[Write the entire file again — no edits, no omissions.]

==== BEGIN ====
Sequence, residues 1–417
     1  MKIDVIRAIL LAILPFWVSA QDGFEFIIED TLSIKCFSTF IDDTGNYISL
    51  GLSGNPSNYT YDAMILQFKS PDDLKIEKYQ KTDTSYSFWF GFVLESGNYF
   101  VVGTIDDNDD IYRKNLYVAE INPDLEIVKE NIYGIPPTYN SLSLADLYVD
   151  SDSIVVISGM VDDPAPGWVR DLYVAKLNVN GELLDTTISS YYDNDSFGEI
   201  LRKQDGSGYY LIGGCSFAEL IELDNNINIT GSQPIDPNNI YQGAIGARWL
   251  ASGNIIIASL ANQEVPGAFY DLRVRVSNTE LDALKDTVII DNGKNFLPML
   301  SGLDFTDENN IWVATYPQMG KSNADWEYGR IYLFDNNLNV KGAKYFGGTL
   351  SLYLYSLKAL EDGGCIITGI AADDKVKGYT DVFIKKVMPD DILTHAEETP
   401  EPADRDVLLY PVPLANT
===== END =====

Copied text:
Sequence, residues 1–417
     1  MKIDVIRAIL LAILPFWVSA QDGFEFIIED TLSIKCFSTF IDDTGNYISL
    51  GLSGNPSNYT YDAMILQFKS PDDLKIEKYQ KTDTSYSFWF GFVLESGNYF
   101  VVGTIDDNDD IYRKNLYVAE INPDLEIVKE NIYGIPPTYN SLSLADLYVD
   151  SDSIVVISGM VDDPAPGWVR DLYVAKLNVN GELLDTTISS YYDNDSFGEI
   201  LRKQDGSGYY LIGGCSFAEL IELDNNINIT GSQPIDPNNI YQGAIGARWL
   251  ASGNIIIASL ANQEVPGAFY DLRVRVSNTE LDALKDTVII DNGKNFLPML
   301  SGLDFTDENN IWVATYPQMG KSNADWEYGR IYLFDNNLNV KGAKYFGGTL
   351  SLYLYSLKAL EDGGCIITGI AADDKVKGYT DVFIKKVMPD DILTHAEETP
   401  EPADRDVLLY PVPLANT